• An occasional clicking or rubbing feeling in your breastbone is normal, particularly the first week. Reduce your upper-body movement to prevent it. If it doesn’t go away after a few weeks or it happens frequently, call your surgeon.
  • If you have diabetes, which affects blood circulation, it may take longer to heal and you have a greater risk of developing an infection. It’s very important to manage your blood sugar levels (discuss this with your diabetes care provider) and be vigilant about caring for your incisions.
  • Women should wear a supportive bra without underwire to minimize pulling on incisions. You can add extra padding to protect incisions.

Upper Body Movement

During open-heart surgery, your breastbone (sternum) is divided down the middle and wired back together with stainless steel wire, which will remain permanently. The wire won’t rust, dissolve or set off metal detectors. It takes eight weeks for your breastbone to heal fully, but it may take longer if you’re diabetic.

Take these precautions to reduce pain and improve healing:

  • Lifting, pushing and pulling. Don’t lift, push or pull more than 10 pounds (a gallon of milk is 8.4 pounds) for the first four weeks after surgery. You can do light housework, but don’t vacuum, mow the lawn, or do yard work.
  • Getting up from a chair or bed. Don’t push up or pull with your arms when you get up. Have someone help you, or roll on your side and push off with your elbow to get out of bed.
  • Using the computer. It’s fine to use a computer, but keep your shoulders relaxed, your elbows low, and the keyboard close to you to avoid shoulder strain.
  • Driving. Don’t drive for four weeks after surgery. Your breastbone isn’t stable enough to handle the demands of driving, even with power steering. And, pain, fatigue and medicine can slow your reaction time. You can ride as a passenger, but wear your seatbelt and don’t disable airbags.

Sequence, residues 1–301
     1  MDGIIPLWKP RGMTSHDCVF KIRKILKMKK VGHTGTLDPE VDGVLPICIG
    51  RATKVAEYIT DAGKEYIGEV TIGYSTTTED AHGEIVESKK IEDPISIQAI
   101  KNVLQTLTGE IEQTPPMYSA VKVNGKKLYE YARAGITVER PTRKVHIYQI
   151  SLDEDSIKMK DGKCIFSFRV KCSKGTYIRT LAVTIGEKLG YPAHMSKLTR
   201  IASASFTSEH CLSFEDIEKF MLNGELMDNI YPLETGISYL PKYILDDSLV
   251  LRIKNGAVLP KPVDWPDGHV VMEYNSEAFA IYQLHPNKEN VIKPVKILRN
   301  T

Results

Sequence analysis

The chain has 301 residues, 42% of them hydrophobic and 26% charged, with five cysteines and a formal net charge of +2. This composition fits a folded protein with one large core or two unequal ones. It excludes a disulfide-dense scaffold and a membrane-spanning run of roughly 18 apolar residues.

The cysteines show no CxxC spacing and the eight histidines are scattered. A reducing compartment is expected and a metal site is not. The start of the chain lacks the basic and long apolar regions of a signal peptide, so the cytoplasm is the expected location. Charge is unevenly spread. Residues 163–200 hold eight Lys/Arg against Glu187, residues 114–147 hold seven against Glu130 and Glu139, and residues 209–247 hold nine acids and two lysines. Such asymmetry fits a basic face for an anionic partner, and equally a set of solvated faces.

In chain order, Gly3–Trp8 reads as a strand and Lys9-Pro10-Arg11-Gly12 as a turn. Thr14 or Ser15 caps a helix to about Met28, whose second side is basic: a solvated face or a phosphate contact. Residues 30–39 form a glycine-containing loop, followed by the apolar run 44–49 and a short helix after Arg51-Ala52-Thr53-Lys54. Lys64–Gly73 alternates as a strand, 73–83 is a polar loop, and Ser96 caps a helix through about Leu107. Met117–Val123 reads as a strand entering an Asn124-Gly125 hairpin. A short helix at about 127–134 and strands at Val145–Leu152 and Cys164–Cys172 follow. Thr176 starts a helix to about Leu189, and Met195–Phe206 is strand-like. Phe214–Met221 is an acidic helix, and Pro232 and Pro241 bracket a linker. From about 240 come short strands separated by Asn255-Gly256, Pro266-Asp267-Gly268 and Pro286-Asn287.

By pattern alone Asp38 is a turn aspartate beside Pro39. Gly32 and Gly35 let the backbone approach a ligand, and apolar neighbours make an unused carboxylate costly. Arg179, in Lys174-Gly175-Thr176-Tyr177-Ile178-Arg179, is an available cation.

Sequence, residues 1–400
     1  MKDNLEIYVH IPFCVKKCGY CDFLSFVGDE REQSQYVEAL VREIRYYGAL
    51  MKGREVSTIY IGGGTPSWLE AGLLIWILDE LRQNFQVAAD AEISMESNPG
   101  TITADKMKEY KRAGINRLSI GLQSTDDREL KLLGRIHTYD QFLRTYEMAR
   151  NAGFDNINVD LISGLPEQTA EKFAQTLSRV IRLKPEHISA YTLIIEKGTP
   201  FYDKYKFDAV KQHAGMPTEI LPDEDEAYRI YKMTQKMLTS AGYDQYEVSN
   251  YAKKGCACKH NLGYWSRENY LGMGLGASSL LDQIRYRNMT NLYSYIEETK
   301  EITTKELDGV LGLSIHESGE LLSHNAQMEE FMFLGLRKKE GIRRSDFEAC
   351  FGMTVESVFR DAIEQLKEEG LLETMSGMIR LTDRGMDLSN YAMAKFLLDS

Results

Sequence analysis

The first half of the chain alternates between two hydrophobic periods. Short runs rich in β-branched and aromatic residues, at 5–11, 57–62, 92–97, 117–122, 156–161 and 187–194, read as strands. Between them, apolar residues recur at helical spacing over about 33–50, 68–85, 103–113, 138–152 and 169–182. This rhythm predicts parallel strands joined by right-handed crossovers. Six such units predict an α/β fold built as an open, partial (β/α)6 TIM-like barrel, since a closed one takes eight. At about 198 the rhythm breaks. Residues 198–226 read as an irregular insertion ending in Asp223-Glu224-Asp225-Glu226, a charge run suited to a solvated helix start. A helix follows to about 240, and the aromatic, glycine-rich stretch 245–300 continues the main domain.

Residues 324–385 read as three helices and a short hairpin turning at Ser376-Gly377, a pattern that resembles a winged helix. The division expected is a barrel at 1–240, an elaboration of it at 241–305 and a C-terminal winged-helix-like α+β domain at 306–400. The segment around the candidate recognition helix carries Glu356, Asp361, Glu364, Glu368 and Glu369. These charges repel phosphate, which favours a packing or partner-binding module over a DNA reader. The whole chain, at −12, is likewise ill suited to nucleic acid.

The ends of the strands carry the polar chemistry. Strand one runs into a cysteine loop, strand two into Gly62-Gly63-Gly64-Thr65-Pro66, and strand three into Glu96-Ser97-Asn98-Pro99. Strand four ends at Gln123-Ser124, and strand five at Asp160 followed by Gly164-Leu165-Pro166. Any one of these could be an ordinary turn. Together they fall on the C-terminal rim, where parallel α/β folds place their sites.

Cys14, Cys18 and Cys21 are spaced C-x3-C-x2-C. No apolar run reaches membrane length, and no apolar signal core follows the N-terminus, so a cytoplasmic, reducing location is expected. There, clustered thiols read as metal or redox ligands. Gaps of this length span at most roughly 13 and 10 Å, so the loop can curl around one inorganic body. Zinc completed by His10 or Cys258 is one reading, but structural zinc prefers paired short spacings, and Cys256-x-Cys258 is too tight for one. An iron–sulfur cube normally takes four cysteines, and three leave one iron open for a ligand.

• Canes and walkers. Assistive devices should be used for balance only. Don’t lean on them with your full weight until your breastbone has healed completely (usually two months).
  • Sleeping. We recommend you sleep on your back the first week or two after surgery to allow your breastbone to heal better.

When to Call Your Doctor

If you experience any of the following symptoms, call your surgeon right away:

  • A fever higher than 101 F/38.3 C, or chills and shaking.
  • Wound separation (rupture along an incision).
  • Redness that extends more than an inch from the edge of an incision.
  • Increased skin temperature, swelling, tightness or pain around an incision.
  • Change in wound drainage, such as a sudden increase; a large amount of clear or pinkish drainage; or white, yellow or green drainage.
  • Tenderness in your calf (lower leg).
  • Extreme fatigue that doesn’t go away.
  • Frequent grinding, popping or clicking in your breastbone.
  • One or both legs become cool, pale, numb or painful, especially if symptoms come on suddenly.
  • A fast or irregular heartbeat.
  • Shortness of breath or feeling winded while resting or during minimal exertion.
  • Dizziness or lightheadedness.
  • Weight gain of more than 2 pounds overnight or more than 5 pounds in a week.
  • Increased swelling in your legs.